Last week we discussed the basics of ipsative testing. This week my blog will look at why ipsative testing has been used for selection and the real driver of ipsative testing: marketing.
Why do people recommend ipsative tools for selection if they are not recommended for that purpose?
There are two reasons that people recommend ipsative measures for selection. The first is a misbelief that they are less resistant to faking and therefore produce more valid results. The second is that marketing is fundamentally about having a point of difference. This ultimately means that companies selling assessments will present any number of different assessment solutions so long as they can create a story around it.
As is often the case, I quote from work by Paul Barrett in response to issues of faking: “The widespread use of ipsative measurement came about as a response to rater bias exhibited in questionnaire personnel ratings. Travers (1951) credits Paul Horst with first proposing the idea of forced-choice format to counter ‘leniency’ and other errors in rating. The forced-choice method involves the presentation of items that have been matched for preference value (e.g. social desirability) yet discriminate differentially on a set criterion, such as leadership quality for a specific task (Gordon, 1951). However, two important assumptions underlie this approach. Firstly, all the choices must be as high in apparent validity as each other, and secondly, the ratees will, on average, ascribe equal status to the irrelevant qualities (Guildford, 1954)”.
Hammond and Barrett then go on to show that the ipsative tools rather than getting around social desirability have in build and systematic problems of social desirability in responding. People will still attempt to respond in ways in which they are motivated to. However with ipsative testing because the scales are interdependent it is much harder to detect social desirability and differentiate it from situational difference. Thus, ipsative testing is not so much more difficult to fake but rather is more difficult to detect making its use in selection more not less problematic.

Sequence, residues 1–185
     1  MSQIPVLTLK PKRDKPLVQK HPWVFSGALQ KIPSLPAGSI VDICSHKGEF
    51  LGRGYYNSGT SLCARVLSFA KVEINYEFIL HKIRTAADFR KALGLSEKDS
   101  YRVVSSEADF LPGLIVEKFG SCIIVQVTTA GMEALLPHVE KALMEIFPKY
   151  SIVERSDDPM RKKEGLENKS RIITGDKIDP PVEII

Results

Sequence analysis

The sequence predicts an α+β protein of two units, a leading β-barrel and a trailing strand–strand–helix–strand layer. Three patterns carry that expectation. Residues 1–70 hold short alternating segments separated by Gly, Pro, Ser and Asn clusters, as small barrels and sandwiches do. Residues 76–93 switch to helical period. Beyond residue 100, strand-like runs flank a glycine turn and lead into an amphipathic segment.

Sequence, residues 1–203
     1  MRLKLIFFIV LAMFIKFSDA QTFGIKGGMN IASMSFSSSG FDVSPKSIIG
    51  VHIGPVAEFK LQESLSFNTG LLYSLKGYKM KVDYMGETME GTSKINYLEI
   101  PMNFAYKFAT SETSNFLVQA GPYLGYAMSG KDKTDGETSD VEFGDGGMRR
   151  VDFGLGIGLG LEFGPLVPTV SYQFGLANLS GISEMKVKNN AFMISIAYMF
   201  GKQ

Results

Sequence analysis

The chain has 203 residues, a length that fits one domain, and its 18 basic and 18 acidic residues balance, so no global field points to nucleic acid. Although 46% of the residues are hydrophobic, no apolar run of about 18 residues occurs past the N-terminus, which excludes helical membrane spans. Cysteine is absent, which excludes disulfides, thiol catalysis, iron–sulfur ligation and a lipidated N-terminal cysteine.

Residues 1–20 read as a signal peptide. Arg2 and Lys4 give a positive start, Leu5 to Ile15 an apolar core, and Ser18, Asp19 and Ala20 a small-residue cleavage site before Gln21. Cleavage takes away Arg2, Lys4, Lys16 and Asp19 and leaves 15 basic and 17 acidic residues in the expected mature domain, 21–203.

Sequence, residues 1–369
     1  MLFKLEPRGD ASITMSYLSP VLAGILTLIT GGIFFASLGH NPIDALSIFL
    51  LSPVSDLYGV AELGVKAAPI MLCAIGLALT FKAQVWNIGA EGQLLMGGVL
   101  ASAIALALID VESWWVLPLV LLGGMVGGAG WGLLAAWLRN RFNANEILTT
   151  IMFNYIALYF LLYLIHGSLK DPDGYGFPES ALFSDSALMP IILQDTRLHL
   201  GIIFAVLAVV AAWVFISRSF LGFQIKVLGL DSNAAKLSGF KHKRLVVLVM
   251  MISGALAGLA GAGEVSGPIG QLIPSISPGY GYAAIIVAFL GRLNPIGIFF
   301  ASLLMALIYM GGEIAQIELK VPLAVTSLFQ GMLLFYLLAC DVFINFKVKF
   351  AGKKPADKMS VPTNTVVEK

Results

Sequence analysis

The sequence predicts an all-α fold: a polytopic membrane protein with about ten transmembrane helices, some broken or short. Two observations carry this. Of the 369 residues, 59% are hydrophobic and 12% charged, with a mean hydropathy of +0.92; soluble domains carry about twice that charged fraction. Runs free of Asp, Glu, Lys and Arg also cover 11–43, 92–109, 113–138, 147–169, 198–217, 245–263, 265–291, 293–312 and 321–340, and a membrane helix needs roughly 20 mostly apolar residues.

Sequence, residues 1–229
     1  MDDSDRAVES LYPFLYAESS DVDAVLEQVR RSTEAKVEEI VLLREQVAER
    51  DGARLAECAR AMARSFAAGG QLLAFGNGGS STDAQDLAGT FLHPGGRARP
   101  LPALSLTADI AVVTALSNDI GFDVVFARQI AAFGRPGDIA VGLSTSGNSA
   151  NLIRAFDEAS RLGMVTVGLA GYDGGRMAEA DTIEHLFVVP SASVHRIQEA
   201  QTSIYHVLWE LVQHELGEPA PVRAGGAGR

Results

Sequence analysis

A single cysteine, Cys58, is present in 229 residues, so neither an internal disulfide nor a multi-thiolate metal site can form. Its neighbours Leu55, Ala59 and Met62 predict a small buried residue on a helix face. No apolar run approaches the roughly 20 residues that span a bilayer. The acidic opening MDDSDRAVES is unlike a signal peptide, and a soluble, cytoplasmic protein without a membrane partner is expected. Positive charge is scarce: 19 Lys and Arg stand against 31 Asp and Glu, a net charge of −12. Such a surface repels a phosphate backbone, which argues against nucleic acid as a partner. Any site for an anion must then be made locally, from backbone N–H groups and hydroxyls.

The key reason that ipsative testing has been promoted by a few assessment companies mainly around marketing purposes. Personality testing has far less validity than other forms of testing, such as cognitive ability, despite its common use. With the plethora of assessment companies, the need for market differentiation increases. Couple this with issues around faking in personality testing and you have a clear market driver for ipsative testing.
The key is understanding that this market driver runs counter to the supporting evidence for ipsative testing. Thus, companies who flaunt ipsative testing clearly show a commitment not to psychometric rigor but gaining market share. One cannot have things another way as to promote the use of ipsative testing requires a deliberate ignorance of the independent supporting theory and science related to ipsative assessment.
A more pressing question is how the market place ever got conned into the belief that ipsative testing is indeed valid for selection. The answer lies with whom the control of the message resided and who is the paradigm setting agency. As competition has increased, counter views and ‘independent best-practice’ have been brought to bear in countries like New Zealand where ipsative testing for selection is now rare. The question still remains as to why even the New Zealand market was not told about the issue related to ipsative measurement before and why (in my experience) were so many convinced that the ‘best-practice’ was the other way around (i.e. ipsative for selection and normative for development)?
The resolution is of course professional ethics in that if we as psychologists know there is no issue with normative tools for between person comparisons than our use of ipsative testing will be minimised. As professionals we must therefore not fall folly to marketing diatribe but as always base our decisions on independent science and theory.